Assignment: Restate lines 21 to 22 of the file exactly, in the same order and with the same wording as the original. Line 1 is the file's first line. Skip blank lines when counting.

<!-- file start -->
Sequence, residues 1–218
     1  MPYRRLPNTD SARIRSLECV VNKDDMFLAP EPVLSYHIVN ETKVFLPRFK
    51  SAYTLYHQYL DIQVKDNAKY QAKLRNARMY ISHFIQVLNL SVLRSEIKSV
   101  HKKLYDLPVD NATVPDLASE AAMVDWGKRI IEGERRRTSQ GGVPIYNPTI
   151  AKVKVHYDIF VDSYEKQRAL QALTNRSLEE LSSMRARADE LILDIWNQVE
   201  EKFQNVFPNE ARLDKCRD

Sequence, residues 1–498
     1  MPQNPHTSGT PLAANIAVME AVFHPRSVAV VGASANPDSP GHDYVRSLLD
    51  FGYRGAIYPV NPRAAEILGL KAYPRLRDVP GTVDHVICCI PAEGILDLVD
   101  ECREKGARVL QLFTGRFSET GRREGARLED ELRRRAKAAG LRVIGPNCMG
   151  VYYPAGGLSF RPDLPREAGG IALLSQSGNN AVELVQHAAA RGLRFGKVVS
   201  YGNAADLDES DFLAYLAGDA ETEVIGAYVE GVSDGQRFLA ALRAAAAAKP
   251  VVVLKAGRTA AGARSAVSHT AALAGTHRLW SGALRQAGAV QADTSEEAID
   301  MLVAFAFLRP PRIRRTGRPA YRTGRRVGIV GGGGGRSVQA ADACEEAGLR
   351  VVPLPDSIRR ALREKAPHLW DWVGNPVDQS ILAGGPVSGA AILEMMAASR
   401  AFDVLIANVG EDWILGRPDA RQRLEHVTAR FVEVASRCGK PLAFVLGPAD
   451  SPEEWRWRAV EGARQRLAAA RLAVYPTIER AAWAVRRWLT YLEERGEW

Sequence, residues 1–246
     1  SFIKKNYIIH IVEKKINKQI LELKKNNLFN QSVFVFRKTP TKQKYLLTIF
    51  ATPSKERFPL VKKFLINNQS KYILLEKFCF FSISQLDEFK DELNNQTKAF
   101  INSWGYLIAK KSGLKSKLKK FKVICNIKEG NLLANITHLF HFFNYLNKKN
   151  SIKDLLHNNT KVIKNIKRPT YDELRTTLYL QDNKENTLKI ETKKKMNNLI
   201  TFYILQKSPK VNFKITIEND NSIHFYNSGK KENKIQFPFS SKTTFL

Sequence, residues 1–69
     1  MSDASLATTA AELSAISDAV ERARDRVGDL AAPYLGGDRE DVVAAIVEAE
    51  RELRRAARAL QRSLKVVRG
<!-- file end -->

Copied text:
   101  INSWGYLIAK KSGLKSKLKK FKVICNIKEG NLLANITHLF HFFNYLNKKN
   151  SIKDLLHNNT KVIKNIKRPT YDELRTTLYL QDNKENTLKI ETKKKMNNLI